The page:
Orcel Exit Adds to Pressure on UBS as Succession Takes Spotlight
(Bloomberg) -- For months, Sergio Ermotti has been under pressure from investors to show how UBS Group AG will stay ahead of the competition. The departure of a top lieutenant just made that harder.
The surprise defection of investment banking head Andrea Orcel’s to Spain’s Banco Santander SA leaves the chief executive officer of the world’s largest wealth manager bereft of a key partner. The two were instrumental in executing the bank’s envied turnaround of its securities unit, while the loss may add to calls for clarity on who might succeed Ermotti.
“We are disappointed with Andrea Orcel leaving UBS as we rated him as one of the best investment banking heads in Europe,” JPMorgan Chase & Co. analysts Kian Abouhossein and Amit Ranjan wrote in a note to investors. “The potential CEO succession within UBS in the long-term is not very obvious to us at this point.”
Ermotti has run UBS since 2011, making him one of the longest-serving CEOs of a major European bank. He’s overseen a sweeping tilt toward wealth management that became a blueprint for rivals. But as banks such as Credit Suisse Group AG start to close in, some investors have approached UBS to ask about the lackluster share price performance. A buyback announced in January has done little to reinvigorate the stock and a plan to merge the two wealth management business was seen as lacking detail.
UBS fell 0.3 percent at 2:43 p.m. in Zurich trading, while Santander’s shares rose 0.5 percent in Madrid.
Orcel is the second top executive to leave in less than a year -- former wealth management chief Juerg Zeltner left in December -- leaving the bank with few obvious contenders for the top role as investors are pushing for fresh ideas. Chairman Axel Weber said while he regretted Orcel’s move, UBS has deep bench of talent. Weber previously said that he and Ermotti would like to stay in their roles through 2022.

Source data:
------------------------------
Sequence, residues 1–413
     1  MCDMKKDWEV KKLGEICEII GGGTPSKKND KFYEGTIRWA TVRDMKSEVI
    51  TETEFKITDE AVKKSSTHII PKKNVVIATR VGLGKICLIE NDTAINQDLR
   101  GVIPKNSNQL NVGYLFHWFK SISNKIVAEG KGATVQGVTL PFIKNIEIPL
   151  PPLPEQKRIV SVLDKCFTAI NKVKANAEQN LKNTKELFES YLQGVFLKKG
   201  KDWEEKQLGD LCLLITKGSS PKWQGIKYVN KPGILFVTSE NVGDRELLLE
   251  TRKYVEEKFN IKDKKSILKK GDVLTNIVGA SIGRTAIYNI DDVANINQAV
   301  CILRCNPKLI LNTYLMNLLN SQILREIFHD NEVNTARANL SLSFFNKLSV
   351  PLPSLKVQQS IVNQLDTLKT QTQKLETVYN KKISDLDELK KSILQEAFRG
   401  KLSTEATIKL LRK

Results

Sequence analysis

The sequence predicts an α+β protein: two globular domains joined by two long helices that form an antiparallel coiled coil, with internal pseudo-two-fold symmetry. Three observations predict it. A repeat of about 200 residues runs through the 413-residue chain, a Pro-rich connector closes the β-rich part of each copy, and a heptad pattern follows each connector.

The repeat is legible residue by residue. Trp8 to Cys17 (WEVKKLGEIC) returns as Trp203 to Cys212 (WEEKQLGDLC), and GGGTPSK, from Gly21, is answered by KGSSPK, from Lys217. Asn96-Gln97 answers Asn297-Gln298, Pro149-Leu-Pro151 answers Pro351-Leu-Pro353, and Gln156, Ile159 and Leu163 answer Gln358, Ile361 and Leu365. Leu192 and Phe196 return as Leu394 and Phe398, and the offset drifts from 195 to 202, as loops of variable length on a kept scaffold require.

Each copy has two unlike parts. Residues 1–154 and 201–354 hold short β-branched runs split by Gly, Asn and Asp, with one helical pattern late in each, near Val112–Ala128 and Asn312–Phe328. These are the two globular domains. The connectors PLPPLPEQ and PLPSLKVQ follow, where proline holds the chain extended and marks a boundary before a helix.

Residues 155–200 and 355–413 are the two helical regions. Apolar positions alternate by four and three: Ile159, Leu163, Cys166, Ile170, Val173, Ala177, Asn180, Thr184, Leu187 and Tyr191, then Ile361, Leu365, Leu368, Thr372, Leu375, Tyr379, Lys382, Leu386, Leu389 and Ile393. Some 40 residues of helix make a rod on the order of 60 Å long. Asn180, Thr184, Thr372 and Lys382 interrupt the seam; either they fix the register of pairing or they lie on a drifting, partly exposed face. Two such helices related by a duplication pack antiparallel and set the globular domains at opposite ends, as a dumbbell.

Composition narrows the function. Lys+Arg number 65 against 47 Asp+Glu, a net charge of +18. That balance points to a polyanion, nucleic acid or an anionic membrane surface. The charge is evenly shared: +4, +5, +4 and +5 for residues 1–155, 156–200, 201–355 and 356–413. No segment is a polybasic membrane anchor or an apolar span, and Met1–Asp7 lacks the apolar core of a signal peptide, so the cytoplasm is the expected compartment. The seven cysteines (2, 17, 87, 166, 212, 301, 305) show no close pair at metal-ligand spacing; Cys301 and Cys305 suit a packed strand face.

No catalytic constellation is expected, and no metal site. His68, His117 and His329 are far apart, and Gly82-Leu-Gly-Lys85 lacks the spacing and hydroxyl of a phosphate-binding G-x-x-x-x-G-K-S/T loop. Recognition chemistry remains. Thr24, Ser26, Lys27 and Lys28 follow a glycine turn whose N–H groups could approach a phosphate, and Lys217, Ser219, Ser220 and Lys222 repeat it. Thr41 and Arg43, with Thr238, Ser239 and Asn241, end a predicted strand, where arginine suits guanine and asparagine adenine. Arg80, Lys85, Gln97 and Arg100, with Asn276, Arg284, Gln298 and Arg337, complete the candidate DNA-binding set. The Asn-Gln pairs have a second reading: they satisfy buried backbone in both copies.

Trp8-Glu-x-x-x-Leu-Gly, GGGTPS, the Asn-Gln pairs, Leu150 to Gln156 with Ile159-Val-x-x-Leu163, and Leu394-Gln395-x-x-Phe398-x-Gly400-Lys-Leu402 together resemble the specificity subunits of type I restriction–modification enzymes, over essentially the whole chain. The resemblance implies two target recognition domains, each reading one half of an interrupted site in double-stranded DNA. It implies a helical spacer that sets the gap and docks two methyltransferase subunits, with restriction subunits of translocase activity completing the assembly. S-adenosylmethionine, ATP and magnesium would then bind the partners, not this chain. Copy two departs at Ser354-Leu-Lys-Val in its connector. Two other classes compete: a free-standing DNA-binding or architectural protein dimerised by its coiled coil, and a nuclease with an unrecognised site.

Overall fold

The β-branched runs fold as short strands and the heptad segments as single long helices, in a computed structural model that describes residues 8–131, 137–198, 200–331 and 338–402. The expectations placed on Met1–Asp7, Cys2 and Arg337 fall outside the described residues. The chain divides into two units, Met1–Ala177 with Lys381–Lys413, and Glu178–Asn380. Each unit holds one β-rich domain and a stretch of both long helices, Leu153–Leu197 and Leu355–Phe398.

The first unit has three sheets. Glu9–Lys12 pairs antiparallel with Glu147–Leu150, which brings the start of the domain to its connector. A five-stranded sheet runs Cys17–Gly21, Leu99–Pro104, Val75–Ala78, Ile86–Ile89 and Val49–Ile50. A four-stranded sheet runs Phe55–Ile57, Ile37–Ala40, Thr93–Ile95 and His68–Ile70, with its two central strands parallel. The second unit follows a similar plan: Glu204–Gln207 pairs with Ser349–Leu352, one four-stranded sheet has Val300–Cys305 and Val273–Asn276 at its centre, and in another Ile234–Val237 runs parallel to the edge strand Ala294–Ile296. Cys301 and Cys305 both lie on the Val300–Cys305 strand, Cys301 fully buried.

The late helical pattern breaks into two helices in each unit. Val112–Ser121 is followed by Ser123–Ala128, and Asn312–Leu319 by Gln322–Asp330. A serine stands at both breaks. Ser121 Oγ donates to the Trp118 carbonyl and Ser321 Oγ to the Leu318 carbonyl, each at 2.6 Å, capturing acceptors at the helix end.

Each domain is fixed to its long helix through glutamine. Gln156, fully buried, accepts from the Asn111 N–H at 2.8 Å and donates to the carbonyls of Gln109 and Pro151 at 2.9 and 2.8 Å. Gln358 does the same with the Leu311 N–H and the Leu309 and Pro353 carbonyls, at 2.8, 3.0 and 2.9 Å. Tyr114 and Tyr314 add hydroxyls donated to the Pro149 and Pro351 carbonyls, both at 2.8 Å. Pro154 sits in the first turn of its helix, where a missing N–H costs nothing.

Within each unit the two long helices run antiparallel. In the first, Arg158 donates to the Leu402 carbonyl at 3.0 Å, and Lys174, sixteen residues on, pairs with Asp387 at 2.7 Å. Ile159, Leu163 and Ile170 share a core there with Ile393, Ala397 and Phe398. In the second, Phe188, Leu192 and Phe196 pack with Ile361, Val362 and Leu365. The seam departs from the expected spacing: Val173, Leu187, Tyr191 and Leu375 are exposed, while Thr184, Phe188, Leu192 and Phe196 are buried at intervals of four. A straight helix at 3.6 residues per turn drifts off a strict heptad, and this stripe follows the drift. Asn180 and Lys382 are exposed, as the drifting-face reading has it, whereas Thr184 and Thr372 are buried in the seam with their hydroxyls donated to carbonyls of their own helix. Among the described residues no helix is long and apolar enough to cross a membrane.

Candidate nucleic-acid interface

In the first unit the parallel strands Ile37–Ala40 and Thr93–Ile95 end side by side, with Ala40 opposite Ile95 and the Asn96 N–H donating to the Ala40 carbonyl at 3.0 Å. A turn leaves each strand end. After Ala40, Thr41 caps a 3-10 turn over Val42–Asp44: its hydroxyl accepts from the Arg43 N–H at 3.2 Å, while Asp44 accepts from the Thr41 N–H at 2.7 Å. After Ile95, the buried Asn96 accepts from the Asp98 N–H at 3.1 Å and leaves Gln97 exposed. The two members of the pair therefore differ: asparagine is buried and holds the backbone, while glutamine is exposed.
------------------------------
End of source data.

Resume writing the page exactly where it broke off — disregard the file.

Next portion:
“While we do regret seeing him leave, it is witness of the fact that we have a very strong talent bench,” Weber said in an interview Wednesday with Bloomberg TV’s Matthew Miller. “We are very proud that our executives are picked to lead other banks -- its a verdict of the strength of our talent bench. We are not worried about our talent bench, we continue to evolve our talent bench.”
Among the most likely CEO candidates remaining are the two heads of wealth management, Martin Blessing, the former Commerzbank CEO, and Tom Naratil. Blessing joined UBS in 2016, initially as head of personal and corporate banking. After being promoted the following year to lead the wealth management unit, he was widely seen as top contender for the CEO job. When Ermotti merged Blessing’s unit with the U.S. wealth management run by Naratil, the two became co-presidents of the new business.
The merger combined two very different models, with the U.S. business being a brokerage. It’s led to little in the way of savings so far and left investors wanting to know more about the integration.
While Blessing may still be a top contender, analysts on Wednesday said that Orcel’s departure highlights the question of succession planning for the CEO. Apart from Chief Financial Officer Kirt Gardner and the two co-heads of wealth management, UBS’s executive board is not well known to investors, Citigroup Inc. said.
“While we don’t expect CEO Sergio Ermotti to step down in the near future, Mr. Orcel’s departure will no doubt lead to questions around internal succession planning," Citi analysts Andrew Coombs and Nicholas Herman wrote in a note to clients. “The rest of the executive board and the senior management team are all still relatively unknown to investors.”
The same goes for two new co-heads of the investment bank. UBS promoted Piero Novelli, currently executive chairman of corporate client solutions, to focus on advising clients on capital raisings as well as mergers and acquisitions. Like Orcel and Ermotti, Novelli is a former Merrill Lynch employee. He joined UBS in 2004, overseeing global mergers and acquisitions, and returned in 2013 after a stint at Nomura Holdings Inc.
Robert Karofsky, global head of equities, will oversee trading. Karofsky helped UBS expand in equities and prime brokerage since joining in 2014 and previously worked at AllianceBernstein, Morgan Stanley and Deutsche Bank AG.
“There is no individual who is ideally placed to run the investment bank on his or her own," said Matthias Schulthess, a partner at Schulthess Zimmermann Executive Search in Zurich. “None of the appointed candidates has managed a whole investment bank like Orcel has done.”
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